UFC light heavyweight Wanderlei Silva has admitted that he avoided a random drug test on May 24 as he was taking diuretics at the time.

Recently, the 37-year-old pulled from a light heavyweight bout against Chael Sonnen at UFC 175 when it was made clear that the Nevada State Athletic Commission would not grant a fighter’s license to Silva after he fled from a random drug test. The martial artist appeared before the Nevada State Athletic Commission at an “information gathering” and was represented by Las Vegas-based attorney Ross Goodman.

Chael Sonnen, who was scheduled to fight Silva, recently announced his retirement from UFC after testosterone replacement therapy was banned in all forms of combat sports. Sonnen remarked he did not use the therapy to enhance performance but it was medically advised. The UFC, which previously supported TRT, decided to honor the TRT ban and Sonnen announced his retirement.

 Goodman admitted on behalf of Wanderlei Silva that the martial artist had been taking diuretics at the time of the test. Diuretics are banned in combat sports and are used to quickly cut weight or mask the presence of performance enhancing drugs in the body.

The MMA fighter remarked he used diuretics in conjunction with anti-inflammatories for dealing with an injury to the wrist he had suffered in February. Goodman said Silva injured his wrist in February of this year and was scheduled to fight in May but X-rays confirmed he had fractured his right wrist and therefore the UFC moved the fight to July 5. Goodman added Silva regretfully started taking diuretics at that time for the sole purpose of reducing inflammation and water retention.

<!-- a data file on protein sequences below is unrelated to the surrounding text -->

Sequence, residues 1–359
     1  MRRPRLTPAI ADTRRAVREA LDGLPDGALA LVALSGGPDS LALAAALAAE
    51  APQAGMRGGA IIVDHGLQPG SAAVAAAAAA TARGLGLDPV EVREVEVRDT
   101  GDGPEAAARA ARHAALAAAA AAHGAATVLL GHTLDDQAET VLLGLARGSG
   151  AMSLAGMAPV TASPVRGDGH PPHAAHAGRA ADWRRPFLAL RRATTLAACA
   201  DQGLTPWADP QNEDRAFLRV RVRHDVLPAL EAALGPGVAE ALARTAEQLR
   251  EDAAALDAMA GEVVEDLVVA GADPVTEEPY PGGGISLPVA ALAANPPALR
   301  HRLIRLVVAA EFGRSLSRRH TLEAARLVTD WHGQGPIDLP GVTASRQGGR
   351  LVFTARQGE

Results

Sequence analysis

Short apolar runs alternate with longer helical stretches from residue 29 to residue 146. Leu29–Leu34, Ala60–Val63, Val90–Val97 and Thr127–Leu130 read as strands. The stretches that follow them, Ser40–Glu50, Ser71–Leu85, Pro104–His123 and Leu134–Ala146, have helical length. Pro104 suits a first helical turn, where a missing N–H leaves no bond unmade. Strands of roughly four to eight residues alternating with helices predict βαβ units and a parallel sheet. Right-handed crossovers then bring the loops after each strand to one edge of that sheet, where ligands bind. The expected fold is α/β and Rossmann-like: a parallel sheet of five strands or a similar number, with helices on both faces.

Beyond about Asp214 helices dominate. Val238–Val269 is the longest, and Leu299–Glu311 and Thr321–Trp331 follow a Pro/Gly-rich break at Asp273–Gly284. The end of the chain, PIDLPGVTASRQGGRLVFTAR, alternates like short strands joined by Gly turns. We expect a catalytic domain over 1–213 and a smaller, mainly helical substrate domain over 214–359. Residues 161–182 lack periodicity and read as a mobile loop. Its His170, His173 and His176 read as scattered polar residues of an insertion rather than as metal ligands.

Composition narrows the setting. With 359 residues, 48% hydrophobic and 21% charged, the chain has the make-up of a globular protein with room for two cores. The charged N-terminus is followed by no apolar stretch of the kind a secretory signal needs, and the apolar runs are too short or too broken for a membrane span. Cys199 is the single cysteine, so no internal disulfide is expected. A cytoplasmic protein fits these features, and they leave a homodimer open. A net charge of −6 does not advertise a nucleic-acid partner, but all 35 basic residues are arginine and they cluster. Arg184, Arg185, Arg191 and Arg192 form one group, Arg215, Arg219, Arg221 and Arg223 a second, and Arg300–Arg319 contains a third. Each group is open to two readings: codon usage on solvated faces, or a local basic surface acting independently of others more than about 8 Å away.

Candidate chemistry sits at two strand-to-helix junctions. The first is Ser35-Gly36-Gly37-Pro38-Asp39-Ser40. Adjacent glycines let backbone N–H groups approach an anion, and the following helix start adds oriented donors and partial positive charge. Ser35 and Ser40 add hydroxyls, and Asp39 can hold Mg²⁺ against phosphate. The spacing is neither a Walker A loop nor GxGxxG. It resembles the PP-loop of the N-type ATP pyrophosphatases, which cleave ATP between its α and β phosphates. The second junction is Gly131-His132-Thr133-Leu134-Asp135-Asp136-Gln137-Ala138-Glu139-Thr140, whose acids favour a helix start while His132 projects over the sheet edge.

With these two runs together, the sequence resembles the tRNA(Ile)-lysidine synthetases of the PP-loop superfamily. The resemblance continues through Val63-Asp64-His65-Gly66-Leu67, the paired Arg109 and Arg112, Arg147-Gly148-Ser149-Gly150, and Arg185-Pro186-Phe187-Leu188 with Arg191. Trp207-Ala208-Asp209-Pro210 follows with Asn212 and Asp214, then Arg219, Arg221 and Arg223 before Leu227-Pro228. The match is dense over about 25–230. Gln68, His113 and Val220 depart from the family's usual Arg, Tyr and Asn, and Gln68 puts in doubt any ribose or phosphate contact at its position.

Before the admission of Silva, the independent sample collector provided a detailed account of what occurred before the refused test. Jim Guernsey, with an experience of 34 years in collecting drug-testing samples, said he attempted to reach the MMA fighter at his residence in Las Vegas at approximately 1 p.m. He decided to call Silva and his wife after there was no response at their residence. After this, Guernsey drove to the Las Vegas gym of Silva and found him and other members of the gym. Guernsey then told Silva that a random drug test had been requested by the NSAC and then Silva said he wanted to talk to his manager and left without giving the test. Details as described by Guernsey were confirmed by Silva during his admission.

The Las Vegas-based attorney added Silva was surprised and this was the first time in his career where something like this, somebody showing up at his gym and that does not negate or minimalize what Silva did and he is here to apologize to the commission. Goodman added Silva was concerned the diuretics would show up on his sample and there should not be inference or suggestion that Silva was trying to mask or hide any performance enhancing drugs or testosterone use.

The former Pride middleweight champion had never failed a drug test before this incident. Silva made his professional MMA debut in 1996.

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